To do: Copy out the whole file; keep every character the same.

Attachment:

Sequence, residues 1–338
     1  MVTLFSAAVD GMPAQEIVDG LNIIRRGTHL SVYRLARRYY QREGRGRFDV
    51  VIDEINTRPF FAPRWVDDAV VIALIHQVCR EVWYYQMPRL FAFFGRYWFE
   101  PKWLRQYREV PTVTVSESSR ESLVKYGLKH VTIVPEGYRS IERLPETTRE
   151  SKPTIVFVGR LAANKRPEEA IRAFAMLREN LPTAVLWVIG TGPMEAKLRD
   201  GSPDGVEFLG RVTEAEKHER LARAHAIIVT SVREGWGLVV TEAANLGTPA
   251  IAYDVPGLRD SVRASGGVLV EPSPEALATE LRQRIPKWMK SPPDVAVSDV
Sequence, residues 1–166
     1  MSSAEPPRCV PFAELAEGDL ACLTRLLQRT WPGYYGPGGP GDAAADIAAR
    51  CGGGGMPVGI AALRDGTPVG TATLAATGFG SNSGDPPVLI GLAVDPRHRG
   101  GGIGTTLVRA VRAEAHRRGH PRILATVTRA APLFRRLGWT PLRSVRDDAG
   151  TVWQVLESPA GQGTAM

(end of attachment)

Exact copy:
Sequence, residues 1–338
     1  MVTLFSAAVD GMPAQEIVDG LNIIRRGTHL SVYRLARRYY QREGRGRFDV
    51  VIDEINTRPF FAPRWVDDAV VIALIHQVCR EVWYYQMPRL FAFFGRYWFE
   101  PKWLRQYREV PTVTVSESSR ESLVKYGLKH VTIVPEGYRS IERLPETTRE
   151  SKPTIVFVGR LAANKRPEEA IRAFAMLREN LPTAVLWVIG TGPMEAKLRD
   201  GSPDGVEFLG RVTEAEKHER LARAHAIIVT SVREGWGLVV TEAANLGTPA
   251  IAYDVPGLRD SVRASGGVLV EPSPEALATE LRQRIPKWMK SPPDVAVSDV
Sequence, residues 1–166
     1  MSSAEPPRCV PFAELAEGDL ACLTRLLQRT WPGYYGPGGP GDAAADIAAR
    51  CGGGGMPVGI AALRDGTPVG TATLAATGFG SNSGDPPVLI GLAVDPRHRG
   101  GGIGTTLVRA VRAEAHRRGH PRILATVTRA APLFRRLGWT PLRSVRDDAG
   151  TVWQVLESPA GQGTAM